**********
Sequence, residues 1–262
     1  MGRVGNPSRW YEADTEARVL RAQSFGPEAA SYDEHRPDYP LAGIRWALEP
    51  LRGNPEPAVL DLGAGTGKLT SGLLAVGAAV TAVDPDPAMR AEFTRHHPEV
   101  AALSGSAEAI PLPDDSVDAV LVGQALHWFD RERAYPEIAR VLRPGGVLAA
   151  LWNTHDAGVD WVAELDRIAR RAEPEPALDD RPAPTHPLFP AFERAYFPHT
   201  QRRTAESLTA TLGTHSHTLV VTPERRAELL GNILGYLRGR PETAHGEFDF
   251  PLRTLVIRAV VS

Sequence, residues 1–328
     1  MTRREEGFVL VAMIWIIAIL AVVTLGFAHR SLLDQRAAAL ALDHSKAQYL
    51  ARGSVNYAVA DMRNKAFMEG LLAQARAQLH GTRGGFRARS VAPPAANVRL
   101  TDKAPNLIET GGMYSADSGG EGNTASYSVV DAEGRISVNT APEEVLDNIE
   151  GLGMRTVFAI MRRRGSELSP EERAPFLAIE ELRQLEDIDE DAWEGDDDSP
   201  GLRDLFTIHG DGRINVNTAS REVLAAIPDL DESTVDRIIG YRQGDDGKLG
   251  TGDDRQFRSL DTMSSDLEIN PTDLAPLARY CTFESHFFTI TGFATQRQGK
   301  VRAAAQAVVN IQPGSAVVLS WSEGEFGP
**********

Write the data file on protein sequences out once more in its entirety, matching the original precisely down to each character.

Sequence, residues 1–262
     1  MGRVGNPSRW YEADTEARVL RAQSFGPEAA SYDEHRPDYP LAGIRWALEP
    51  LRGNPEPAVL DLGAGTGKLT SGLLAVGAAV TAVDPDPAMR AEFTRHHPEV
   101  AALSGSAEAI PLPDDSVDAV LVGQALHWFD RERAYPEIAR VLRPGGVLAA
   151  LWNTHDAGVD WVAELDRIAR RAEPEPALDD RPAPTHPLFP AFERAYFPHT
   201  QRRTAESLTA TLGTHSHTLV VTPERRAELL GNILGYLRGR PETAHGEFDF
   251  PLRTLVIRAV VS

Sequence, residues 1–328
     1  MTRREEGFVL VAMIWIIAIL AVVTLGFAHR SLLDQRAAAL ALDHSKAQYL
    51  ARGSVNYAVA DMRNKAFMEG LLAQARAQLH GTRGGFRARS VAPPAANVRL
   101  TDKAPNLIET GGMYSADSGG EGNTASYSVV DAEGRISVNT APEEVLDNIE
   151  GLGMRTVFAI MRRRGSELSP EERAPFLAIE ELRQLEDIDE DAWEGDDDSP
   201  GLRDLFTIHG DGRINVNTAS REVLAAIPDL DESTVDRIIG YRQGDDGKLG
   251  TGDDRQFRSL DTMSSDLEIN PTDLAPLARY CTFESHFFTI TGFATQRQGK
   301  VRAAAQAVVN IQPGSAVVLS WSEGEFGP